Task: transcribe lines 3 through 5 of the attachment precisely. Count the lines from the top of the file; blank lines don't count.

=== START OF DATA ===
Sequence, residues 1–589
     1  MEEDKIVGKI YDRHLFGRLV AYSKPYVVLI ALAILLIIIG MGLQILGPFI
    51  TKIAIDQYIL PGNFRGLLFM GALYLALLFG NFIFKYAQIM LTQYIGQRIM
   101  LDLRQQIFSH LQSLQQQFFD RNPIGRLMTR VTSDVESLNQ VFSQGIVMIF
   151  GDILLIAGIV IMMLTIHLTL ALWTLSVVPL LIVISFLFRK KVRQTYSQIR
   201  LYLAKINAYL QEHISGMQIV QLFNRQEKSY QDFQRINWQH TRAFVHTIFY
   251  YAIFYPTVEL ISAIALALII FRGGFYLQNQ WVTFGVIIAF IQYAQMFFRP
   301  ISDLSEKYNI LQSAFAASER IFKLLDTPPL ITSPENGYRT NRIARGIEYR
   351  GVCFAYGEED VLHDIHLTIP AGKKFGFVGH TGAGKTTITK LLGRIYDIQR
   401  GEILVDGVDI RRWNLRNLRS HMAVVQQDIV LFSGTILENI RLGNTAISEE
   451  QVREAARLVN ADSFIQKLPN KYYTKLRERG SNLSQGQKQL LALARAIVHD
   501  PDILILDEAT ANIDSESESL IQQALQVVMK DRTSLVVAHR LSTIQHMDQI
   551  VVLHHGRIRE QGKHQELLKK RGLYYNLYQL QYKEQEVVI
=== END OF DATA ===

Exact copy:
    51  TKIAIDQYIL PGNFRGLLFM GALYLALLFG NFIFKYAQIM LTQYIGQRIM
   101  LDLRQQIFSH LQSLQQQFFD RNPIGRLMTR VTSDVESLNQ VFSQGIVMIF
   151  GDILLIAGIV IMMLTIHLTL ALWTLSVVPL LIVISFLFRK KVRQTYSQIR